When you're selling your home and get your appraisal, it's not uncommon to experience sticker shock — not because your home is valued higher than you thought, but because it doesn't even come close to your expectations.
Your first inclination is that something must be wrong, and truth be told, you might be right.
If you think your home appraisal is too low, you don't have to accept it as fact. Here's what you can do to fight back — and win:
Why Challenge an Appraisal?
Before we get into the specifics, it's important to understand why a low appraisal isn't a good thing. For starters, it can make it difficult to refinance your home should you decide to keep it.
Also, you want the appraisal to be higher than what you have it listed for, as this will signal to buyers they're getting a great deal on a home versus overpaying for it. Buyers may be hesitant to buy a home that isn't worth its alleged value, which could force you to accept a much lower offer.
If you're not happy with your appraisal, use these five tips to get a more favorable outcome:
1. Look for Mistakes in the Appraisal
Get a copy of the appraisal and start combing it for mistakes. There's a strong chance the appraiser may have overlooked something, wrote down the wrong number of bedrooms or bathrooms, or miscalculated your square footage. Human error happens, so take a deep breath and give the report a second set of eyes.
2. Review Comparable Homes in Your Area
Appraisers will compare your home to other homes in the area, but ideally they should be in the same neighborhood. If you find that they used homes outside of your neighborhood, particularly in less desirable areas, then this could account for the low appraisal.
Your agent is a valuable resource in this process. They can provide a comparative market analysis with a high level of accuracy and detail that the appraisal company can use.
3. Check for Potential Permit Issues
Perhaps you've added onto your home since it was appraised ten years ago. Or maybe you've done other major renovations that required a permit. Whatever has happened, the appraiser may not have given it the value it deserves because of permit issues.
Any improvements you make to your home will require a permit; otherwise, the appraiser will not be able to include them into your home's value.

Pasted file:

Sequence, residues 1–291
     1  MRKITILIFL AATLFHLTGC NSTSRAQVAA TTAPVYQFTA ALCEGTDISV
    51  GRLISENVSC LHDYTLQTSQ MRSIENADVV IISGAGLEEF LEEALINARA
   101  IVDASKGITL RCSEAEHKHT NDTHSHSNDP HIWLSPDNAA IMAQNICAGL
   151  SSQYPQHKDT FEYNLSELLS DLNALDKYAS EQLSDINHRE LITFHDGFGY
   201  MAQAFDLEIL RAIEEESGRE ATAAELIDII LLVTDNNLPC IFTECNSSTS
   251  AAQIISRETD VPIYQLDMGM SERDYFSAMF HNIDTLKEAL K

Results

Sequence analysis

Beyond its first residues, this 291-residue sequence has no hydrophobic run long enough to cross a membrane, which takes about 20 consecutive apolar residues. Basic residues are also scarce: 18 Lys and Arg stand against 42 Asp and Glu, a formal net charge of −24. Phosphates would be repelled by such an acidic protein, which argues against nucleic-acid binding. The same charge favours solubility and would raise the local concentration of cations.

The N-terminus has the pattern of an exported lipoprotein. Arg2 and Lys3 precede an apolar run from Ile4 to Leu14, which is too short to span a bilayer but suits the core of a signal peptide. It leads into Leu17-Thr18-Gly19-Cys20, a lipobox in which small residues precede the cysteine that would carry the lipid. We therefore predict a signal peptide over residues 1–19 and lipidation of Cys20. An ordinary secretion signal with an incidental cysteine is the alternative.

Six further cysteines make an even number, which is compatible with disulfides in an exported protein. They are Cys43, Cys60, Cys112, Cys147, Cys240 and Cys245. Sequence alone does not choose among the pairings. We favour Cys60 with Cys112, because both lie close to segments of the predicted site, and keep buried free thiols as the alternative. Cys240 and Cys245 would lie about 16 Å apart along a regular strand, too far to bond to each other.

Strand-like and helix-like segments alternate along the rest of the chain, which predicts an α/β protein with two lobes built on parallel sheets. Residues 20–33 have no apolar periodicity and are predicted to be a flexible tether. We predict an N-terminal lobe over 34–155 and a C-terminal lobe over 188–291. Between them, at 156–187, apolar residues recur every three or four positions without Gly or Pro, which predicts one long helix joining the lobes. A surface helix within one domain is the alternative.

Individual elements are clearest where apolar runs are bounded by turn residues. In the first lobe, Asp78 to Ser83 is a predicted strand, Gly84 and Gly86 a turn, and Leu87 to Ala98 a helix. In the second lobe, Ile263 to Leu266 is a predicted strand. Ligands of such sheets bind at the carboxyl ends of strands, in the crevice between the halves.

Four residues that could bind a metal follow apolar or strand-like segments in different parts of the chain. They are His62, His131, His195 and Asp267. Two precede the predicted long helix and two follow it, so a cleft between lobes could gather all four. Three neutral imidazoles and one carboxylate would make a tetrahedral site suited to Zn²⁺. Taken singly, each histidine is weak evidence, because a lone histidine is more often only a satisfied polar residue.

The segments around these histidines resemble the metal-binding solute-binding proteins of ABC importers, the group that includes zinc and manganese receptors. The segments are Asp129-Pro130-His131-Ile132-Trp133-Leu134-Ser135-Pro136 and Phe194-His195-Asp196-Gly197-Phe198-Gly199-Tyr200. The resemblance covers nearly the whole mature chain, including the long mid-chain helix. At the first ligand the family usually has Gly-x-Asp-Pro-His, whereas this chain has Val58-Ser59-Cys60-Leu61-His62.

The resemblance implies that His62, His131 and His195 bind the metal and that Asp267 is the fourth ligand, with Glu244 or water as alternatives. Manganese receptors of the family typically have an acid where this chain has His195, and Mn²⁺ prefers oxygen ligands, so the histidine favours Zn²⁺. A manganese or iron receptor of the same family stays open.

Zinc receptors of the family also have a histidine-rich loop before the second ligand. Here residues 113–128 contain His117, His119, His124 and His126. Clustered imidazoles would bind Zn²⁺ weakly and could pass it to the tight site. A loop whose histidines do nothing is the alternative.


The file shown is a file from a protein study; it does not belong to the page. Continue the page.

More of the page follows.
Often, the biggest issue is that a permit wasn't filed correctly. If the appraiser cannot locate a permit, they may not be able to include a costly upgrade in the appraised value.
4. Ask for a New Appraisal
You need a good argument to convince the appraisal company to take a second look. Write down your findings and present it to them (or to your bank or lender if they arranged the appraisal).
You'll have a much better chance of convincing them to redo the appraisal if you can provide concrete evidence that something may have been amiss.
5. Consult With Your Real Estate Agent
When you're selling a home, there are lots of things that can go wrong (like home appraisals). Your real estate agent isn't just there to take pictures and schedule showings. They can also provide expert guidance on how to overcome the obstacles that stand between you and a final contract.
Clever Partner Agents are full-service, top-rated real estate agents in their local markets who have experience in unique issues, such as combating low home appraisals. Your agent can be an excellent resource in terms of how to proceed when problems arise and with the home selling process at large.
As an added bonus, our Partner Agents work for a fraction of the typical real estate commission, saving home sellers thousands of dollars in the process. If you don't get as high of a home appraisal as you were expecting, the money you save on agent commission may help to make up some of the difference.
Connect with Clever today for a no-obligation consultation and let us introduce you to an experienced real estate agent in your area that can sell your home and save you money in the process.